Book Review: 'Of Fire And Stars,' By Audrey Coulthurst Audrey Coulthurst's tale of a princess who falls in love with her intended prince's sister will remind you of fantasy novels you loved as a child — all teen angst, horses and reluctant love.


Book Reviews

Sweetly Familiar Fantasy With A Twist In 'Of Fire And Stars'

Of Fire and Stars
By Audrey Coulthurst

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Of Fire and Stars
Audrey Coulthurst

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In most ways, Of Fire and Stars treads over very familiar ground. We find ourselves in a fantasy kingdom where magic is feared, and a princess must hide her powers in order to fulfill her destiny as a future king's bride. There are schemes and plots and romantic agonies aplenty, especially when the princess begins to fall in love with the wrong person. All of this would make an enjoyable enough read, but then Audrey Coulthurst elevates the story with a refreshing twist: The princess doesn't fall in love with a stable boy or the captain of the guard. She falls in love with another princess.

Princess Dennaleia of Havemont has spent her whole life preparing to be the perfect bride for the crown prince of Mynaria. She's studied politics and manners, and has carefully hidden away her problematic aptitude for fire magic. She knows that through her marriage, she will ensure safety for her people, and she is at peace with her destiny.

Then she arrives in Mynaria and immediately discovers she is woefully unprepared in one regard: Mynaria's chief resource is warhorses, and she has never learned to ride. It feels like a punishment when she's sent to riding lessons with the prince's surly sister, Mare, who would rather deal with horses than people. When a tragic assassination shakes the kingdom, the two of them form an unlikely team to get to the bottom of a murky political plot — and as they grow closer, they are forced to admit that their feelings run deeper than friendship.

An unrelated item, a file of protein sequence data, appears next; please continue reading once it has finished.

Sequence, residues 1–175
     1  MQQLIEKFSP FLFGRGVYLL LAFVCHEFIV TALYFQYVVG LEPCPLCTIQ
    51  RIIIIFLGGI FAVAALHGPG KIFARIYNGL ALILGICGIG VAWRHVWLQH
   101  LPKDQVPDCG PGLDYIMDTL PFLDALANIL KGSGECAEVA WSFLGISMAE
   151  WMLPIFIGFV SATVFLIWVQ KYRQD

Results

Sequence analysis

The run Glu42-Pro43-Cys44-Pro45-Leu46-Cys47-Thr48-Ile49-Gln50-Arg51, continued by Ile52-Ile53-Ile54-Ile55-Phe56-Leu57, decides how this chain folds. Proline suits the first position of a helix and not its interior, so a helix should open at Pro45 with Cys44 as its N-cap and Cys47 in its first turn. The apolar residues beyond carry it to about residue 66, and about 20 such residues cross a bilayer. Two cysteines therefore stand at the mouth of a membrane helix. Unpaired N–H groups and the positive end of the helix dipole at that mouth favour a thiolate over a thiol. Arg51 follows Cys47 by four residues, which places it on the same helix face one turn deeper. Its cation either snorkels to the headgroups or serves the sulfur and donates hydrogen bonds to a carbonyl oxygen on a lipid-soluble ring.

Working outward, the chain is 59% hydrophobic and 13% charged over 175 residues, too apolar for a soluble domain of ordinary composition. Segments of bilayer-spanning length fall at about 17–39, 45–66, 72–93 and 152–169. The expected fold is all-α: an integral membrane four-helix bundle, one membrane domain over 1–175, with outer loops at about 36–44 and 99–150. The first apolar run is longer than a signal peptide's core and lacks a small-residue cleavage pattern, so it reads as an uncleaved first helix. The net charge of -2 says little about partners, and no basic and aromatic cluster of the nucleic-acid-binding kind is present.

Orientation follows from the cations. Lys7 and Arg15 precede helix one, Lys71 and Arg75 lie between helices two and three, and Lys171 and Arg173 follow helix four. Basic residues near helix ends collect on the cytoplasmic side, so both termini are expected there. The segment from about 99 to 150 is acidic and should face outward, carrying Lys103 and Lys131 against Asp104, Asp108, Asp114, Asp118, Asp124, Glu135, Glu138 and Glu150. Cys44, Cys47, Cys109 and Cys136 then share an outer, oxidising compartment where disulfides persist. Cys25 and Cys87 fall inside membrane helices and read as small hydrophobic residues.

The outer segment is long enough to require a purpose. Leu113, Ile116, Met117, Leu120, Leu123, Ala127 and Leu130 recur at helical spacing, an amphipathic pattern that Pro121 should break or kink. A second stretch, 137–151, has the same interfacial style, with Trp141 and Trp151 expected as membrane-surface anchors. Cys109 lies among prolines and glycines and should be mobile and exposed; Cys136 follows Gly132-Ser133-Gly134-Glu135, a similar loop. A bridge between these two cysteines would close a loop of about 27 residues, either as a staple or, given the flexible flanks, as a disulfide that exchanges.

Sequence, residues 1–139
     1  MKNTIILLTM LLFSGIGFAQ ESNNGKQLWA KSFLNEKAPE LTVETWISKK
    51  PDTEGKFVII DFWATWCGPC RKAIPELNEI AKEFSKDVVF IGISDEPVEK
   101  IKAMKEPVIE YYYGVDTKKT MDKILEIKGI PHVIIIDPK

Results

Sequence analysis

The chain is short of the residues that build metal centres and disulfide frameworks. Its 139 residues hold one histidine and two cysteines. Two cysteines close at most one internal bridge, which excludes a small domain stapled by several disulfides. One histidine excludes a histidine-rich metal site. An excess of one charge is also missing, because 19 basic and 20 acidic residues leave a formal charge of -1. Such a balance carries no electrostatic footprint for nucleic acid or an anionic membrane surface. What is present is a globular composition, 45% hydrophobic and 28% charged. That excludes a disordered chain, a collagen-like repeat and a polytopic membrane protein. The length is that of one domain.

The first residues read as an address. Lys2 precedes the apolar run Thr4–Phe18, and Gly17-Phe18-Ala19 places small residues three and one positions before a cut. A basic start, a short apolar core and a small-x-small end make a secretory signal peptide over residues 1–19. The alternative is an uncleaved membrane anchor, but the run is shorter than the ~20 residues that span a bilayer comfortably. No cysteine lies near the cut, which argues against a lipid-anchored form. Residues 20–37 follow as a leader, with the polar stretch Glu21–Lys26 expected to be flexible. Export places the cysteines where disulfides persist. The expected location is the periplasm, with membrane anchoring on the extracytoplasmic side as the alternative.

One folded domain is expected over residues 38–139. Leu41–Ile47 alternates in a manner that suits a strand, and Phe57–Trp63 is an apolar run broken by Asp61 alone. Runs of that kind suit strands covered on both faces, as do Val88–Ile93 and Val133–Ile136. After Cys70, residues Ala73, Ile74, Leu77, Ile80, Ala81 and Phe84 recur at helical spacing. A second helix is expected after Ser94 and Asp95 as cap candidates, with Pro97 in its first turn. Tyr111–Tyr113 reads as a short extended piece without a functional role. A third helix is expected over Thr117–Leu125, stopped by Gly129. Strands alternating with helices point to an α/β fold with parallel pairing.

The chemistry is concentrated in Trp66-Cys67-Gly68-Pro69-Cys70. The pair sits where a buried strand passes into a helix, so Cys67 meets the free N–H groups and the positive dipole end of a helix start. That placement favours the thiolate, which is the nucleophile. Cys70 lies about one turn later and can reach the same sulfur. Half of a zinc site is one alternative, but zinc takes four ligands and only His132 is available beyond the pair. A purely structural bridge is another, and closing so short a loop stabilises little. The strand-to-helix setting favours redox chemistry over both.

Here's the thing. Their love is forbidden, and tortured, and could potentially tear the kingdom apart — but not because they're both girls. Other same-sex couples are mentioned casually, and the fact of their love is not a problem. It is Denna's own sense of duty and self-doubt that stands between her and Mare, and that is what made me catch my breath as I read this book: In so much fantasy worldbuilding, authors fall back on existing prejudices rather than creating ones unique to their creations. This book is bold enough to create a world that moves beyond the prejudices we are still fighting in our real world.

Despite this departure, there is something familiar about Of Fire and Stars. It's reminiscent of the kinds of fantasy books I loved when I was a young teenager, tales of princess angst, horses, and the blossoming of reluctant love. There is a sweetness at the core of these stories; they offer us a sense of awakening and gentle adventure, and provide a more straightforward coming of age than we are usually offered in the real world.

My one regret for this book is that Denna and Mare spend most of it cooped up in a castle. It makes sense with the story's subtext — they're both beating their wings inside gilded cages. But they are a team that I long to see on the road, free to explore more of this intriguing world. I will definitely keep my eye out for a sequel, in eager hope that my wish will be granted.

Caitlyn Paxson is a writer and performer. She is an editor at Goblin Fruit, and can be found discussing folklore and pop culture on the Fakelore Podcast.